6) Vampire Weekend - Contra

Less direct than their debut, Vampire Weekend's sophomore album nonetheless had more heart. At least, I think it did. It's hard to be sure what Ezra Koenig is on about half the time ("fake Philly cheesecake but you use real toothpaste" - eh?). Still, the melodies, the trickling guitar riffs and - above all - the frenetic, polyrhythmic drumming are like nothing else. When they inevitably grow up and turn into Sting, let's remember them like this.

7) Sarah Blasko - As Day Follows Night

My heart, already a bit gooey from listening to Australian singer Sarah Blasko's third album, completely melted when I met her in May. Charming but fragile, awkward but funny - she's everything you'd expect from listening to this most intimate of heartbreak records. Captured in a secluded studio in the heart of the Swedish winter, it's an all-too-real exploration of the end of a love affair. What makes it poignant is that the break-up came in Blasko's mid-30s, raising the spectre of spinsterhood. What stops it being utterly depressing is the nimble arrangements, the delicate beauty of her voice and, ultimately, an all-pervasive sense of hope.

8) Tinie Tempah - Disc-Overy

Tinie Tempah delivered an entire Top 10 of best lyrics this year, from "I got so many clothes I keeps 'em in my aunt's house", through to "would you risk it for a chocolate biscuit?" Musically, he was no slacker, either. His morphing breakbeats lifted grime out of the loop-it-and-leave-it quagmire, as frequently as his lyrics showed up the dumb avarice of his contemporaries (Taio Cruz marked a new low for the genre this year when he sang: "I'm wearing all my favourite brands, brands, brands, brands, brands"). Stuffed full of ideas, Tinie's album equalled, but sadly never bettered, the promise of it's singles. Oh, and it earned an extra demerit for that AWFUL title.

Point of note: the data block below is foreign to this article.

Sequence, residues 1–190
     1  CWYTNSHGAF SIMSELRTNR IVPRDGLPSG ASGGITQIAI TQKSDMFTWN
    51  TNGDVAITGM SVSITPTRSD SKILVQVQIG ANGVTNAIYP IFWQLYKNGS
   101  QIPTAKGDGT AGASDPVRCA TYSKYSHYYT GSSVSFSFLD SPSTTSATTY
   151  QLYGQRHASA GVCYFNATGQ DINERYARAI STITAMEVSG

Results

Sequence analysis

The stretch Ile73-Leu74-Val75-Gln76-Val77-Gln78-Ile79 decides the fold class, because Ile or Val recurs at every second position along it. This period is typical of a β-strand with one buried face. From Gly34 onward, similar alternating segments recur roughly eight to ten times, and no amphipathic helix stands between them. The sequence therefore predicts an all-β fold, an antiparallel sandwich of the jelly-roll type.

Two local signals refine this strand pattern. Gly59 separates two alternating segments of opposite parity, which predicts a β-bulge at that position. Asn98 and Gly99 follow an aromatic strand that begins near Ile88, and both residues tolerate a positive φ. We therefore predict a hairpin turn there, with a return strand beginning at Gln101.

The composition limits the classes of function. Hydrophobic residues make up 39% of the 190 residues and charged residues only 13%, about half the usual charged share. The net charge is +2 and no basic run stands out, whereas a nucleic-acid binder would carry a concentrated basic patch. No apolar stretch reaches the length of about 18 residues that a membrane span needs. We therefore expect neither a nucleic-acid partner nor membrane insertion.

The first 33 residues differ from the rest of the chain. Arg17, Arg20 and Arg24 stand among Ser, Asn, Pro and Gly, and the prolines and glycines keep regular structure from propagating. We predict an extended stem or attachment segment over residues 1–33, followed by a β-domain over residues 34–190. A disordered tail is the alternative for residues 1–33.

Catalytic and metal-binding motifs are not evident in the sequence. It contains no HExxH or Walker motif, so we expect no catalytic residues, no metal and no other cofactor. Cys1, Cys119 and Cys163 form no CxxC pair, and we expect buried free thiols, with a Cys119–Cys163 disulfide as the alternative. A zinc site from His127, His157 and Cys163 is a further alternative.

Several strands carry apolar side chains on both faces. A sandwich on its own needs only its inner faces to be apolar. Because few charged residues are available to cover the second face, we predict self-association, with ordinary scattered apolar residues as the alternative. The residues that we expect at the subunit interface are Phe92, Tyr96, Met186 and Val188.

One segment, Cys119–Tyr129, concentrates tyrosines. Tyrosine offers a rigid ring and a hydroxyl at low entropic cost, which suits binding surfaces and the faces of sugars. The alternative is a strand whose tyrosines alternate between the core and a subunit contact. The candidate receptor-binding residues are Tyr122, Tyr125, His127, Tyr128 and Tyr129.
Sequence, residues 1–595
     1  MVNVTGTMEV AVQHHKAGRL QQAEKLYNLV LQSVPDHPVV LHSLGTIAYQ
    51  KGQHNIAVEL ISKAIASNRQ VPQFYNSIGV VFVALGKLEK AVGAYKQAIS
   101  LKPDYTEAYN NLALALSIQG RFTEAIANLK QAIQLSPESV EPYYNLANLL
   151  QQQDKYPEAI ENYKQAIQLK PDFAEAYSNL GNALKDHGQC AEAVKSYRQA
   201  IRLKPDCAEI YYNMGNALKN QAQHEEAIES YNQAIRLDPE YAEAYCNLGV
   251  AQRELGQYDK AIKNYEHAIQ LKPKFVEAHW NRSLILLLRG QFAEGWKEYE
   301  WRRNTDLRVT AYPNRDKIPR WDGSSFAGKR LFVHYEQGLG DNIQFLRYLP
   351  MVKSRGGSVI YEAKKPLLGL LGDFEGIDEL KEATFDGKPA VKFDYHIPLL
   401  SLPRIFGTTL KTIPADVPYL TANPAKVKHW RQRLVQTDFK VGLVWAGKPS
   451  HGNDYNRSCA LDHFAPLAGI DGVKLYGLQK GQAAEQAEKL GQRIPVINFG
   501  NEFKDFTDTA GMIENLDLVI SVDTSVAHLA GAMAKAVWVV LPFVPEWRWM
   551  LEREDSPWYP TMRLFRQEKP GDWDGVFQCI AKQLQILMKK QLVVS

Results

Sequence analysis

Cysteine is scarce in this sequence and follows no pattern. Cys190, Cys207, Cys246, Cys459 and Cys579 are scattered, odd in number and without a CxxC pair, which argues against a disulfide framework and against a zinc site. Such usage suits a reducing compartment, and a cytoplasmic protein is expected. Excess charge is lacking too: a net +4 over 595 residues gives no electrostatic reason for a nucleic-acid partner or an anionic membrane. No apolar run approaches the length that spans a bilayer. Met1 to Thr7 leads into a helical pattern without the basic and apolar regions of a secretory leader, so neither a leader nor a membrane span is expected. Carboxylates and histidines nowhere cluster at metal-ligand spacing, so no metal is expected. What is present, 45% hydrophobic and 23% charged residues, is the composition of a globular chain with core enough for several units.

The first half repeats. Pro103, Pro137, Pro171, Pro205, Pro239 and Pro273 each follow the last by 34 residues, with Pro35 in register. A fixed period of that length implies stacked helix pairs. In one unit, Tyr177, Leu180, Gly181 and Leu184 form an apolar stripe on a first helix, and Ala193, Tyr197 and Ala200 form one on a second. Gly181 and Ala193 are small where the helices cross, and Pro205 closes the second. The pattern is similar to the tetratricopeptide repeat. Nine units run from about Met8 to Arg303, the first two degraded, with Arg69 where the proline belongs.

9) John Legend & The Roots - Wake Up!

Inspired by Barack Obama's "yes, we can" campaign, and revisiting the classic ghetto protest songs of the 1970s, this was the best band of their generation, allied to the smoothest singer of his, making a rallying call to socially-concious America. Mmm-hmm. Whatever. Simply the best covers album of the year.

10) Kid Sister - Ultraviolet

Putting the fun back in funky and the rap back in... er, "not crap", Chicago's Kid Sister delivered a spritely party album for her long-gestating debut. It didn't set the world on fire, but it did heat up my living room by a couple of degrees. Inspired by electro, handbag house, rave and "boxes of doughnuts", it left me with a big, daft grin all over my face every time I heard it. OK, it probably doesn't deserve to be considered a classic, but it was either this or Kanye banging on about intense personal issues and and his penis. I rest my case.